How to take the heat out of something that gets stoked up every day because no one can find its ‘off” switch?

      Answer: find that ‘off’ switch and then shut the whole thing down. Or most of it.


      Reply to Comment
    14. Steve

      Who is Israel supposed to make peace with, Hamas (who want to destroy Israel), Fatah (who want to “undo” Israel’s existence as a Jewish state via a “right of return”), or “other.”
      How does that work, exactly?

      Reply to Comment
    15. John Yorke

      @ Steve,

      Let us make an assumption that seems to have a fair degree of acceptance at this present time.

      There is no one to make peace with; no partner, no nation, no community, no group not even one individual.
      Does this mean that peace is impossible to achieve? On the face of it, this would appear to be so.

      But what is peace?
      Is it a formal declaration between warring parties to desist from further contest and, in return for some equitable arrangement, to forever relinquish force as a means of settling matters in future?

      If that is to be the case, then, as things stand now, peace is going to take one hell of a long time to put in an appearance. Indeed, there’s a good prospect of it never doing so.

      But can there be a looser definition of peace?

      What if it were merely the absence of violence and injustice, a tacit but not officially stated understanding that no side will attack or provoke any other while certain parameters remain in operation?

      Think of it like this. In days of yore, it was the custom to cease fighting when winter approached. Long-term climactic conditions often interfered massively with the proper conduct of war back then and so it could be halted and honourably deferred until the worst of the weather was over.

      Thus, if the present Arab/Israeli confrontation could be put ‘on ice,’ locked down as it were and for a sufficient length of time, then the chances of repairing the entire situation before the ‘campaigning season’ returned would be greatly enhanced. And, if everyone is safely confined to ‘winter quarters’ for the duration, then what is to prevent real peace from becoming the natural order of things?
      Once such a guaranteed lull in proceedings becomes established, people will begin getting used to it, allowing it to be extended time and time gain. And very soon the conflict, in its familiar form at least, loses a lot of its appeal and a whole new era opens up where matters in a much more civilised manner.

      But the amount of ‘ice’ needed for such a project would be absolutely colossal.
      So, where could enough of it be found?


      It may not be the sort of peace that can be obtained in the conventional sense but it must surely be a damn sight better than anything likely to turn up soon.

      Reply to Comment
    16. sandra b

      Its a shame our tribe established themselves in Palestine by force..It a shame that today they still hold their position there by force.Here someone write about the imminent possible attack on Iran and your rabbiting on about Hamas.
      This whole situation reminds me of Germany Pre WW2. Then to, the majority of Jews did not believe Hitler would carry out his plans.And then look what happened, did the tribe learn nothing from THAT experience.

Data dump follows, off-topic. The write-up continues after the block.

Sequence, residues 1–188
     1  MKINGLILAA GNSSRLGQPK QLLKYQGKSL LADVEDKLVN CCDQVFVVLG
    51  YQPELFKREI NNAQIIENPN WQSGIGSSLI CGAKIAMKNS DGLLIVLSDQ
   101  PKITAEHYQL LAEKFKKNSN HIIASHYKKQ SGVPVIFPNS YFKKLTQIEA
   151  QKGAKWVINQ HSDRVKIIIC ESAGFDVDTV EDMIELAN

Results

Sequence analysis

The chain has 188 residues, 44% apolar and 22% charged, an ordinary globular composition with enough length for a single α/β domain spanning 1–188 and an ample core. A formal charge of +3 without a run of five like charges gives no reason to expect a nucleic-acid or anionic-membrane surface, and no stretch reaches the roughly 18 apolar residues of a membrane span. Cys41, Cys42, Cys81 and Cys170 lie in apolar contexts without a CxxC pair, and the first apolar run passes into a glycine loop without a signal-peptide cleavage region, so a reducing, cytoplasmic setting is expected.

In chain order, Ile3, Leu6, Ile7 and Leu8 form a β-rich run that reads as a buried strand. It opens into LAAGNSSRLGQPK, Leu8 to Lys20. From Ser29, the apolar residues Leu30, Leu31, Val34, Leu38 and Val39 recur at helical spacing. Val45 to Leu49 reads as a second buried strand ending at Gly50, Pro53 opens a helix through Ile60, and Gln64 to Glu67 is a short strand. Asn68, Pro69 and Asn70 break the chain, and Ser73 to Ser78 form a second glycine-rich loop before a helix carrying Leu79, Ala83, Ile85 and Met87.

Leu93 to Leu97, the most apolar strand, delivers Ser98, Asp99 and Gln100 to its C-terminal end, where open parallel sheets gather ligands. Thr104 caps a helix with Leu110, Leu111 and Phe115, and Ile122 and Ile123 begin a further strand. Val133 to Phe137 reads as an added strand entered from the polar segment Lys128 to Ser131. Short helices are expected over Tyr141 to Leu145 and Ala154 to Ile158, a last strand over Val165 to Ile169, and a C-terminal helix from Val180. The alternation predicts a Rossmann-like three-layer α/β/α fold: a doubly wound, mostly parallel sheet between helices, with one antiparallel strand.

Reply to Comment
    17. John Yorke

      Error in sixth line from the bottom. It should read as:

      ‘a whole new era opens up where matters can be determined in a much more civilised manner.’

      Must try to avoid commenting at three in the morning (UK time zone)

      Reply to Comment
    18. zayzafuna

      Areisteides, why are you so down on Obama? Dont you realize that Obama will delay a possible zionist strike on Iran until after the elections, after which he will launch a peace offensive with Iran and force the zionist entity to knuckle under. Thats why a zionist strike must be delayed until it is no longer relevant

      Reply to Comment
    19. Sherri Munnerlyn

      @ZAYZAFUNA That is what I am hoping will happen. I think that is what Obama wants, and what would be best for everyone. After he is reelected, he can go tell AIPAC where they can go.

      Reply to Comment
    20. Kolumn9

      Larry, you should probably define why you object an attack on Iran.

      Is it because you expect the left to reflexively determine that any and all war is unacceptable? That would be problematic since much of the left supported interventions in Libya and Kosovo.

      Is it because the left is expected to argue that Iran should be allowed to get nuclear weapons? You think you can get consensus on that one in Israel?

      Is it because the left is expected to collectively make the argument that the leadership of Iran is sane and would never use nuclear weapons against Israel? Would you even make that argument?

      Is it because the left is expected to argue that Iran is not working towards having nuclear weapons capability? That seems problematic since they obviously are (even if they haven’t decided on building a nuclear weapon).

      Is it because the left is expected to stand up to the Netanyahu and his government out of purely domestic political considerations? That seems like a somewhat petty position.

      If you expect the left to make a stand, at least provide some your reasons why you think the left should oppose an Israeli strike on Iranian nuclear sites in order to prevent Iran from getting nuclear weapons.

      Reply to Comment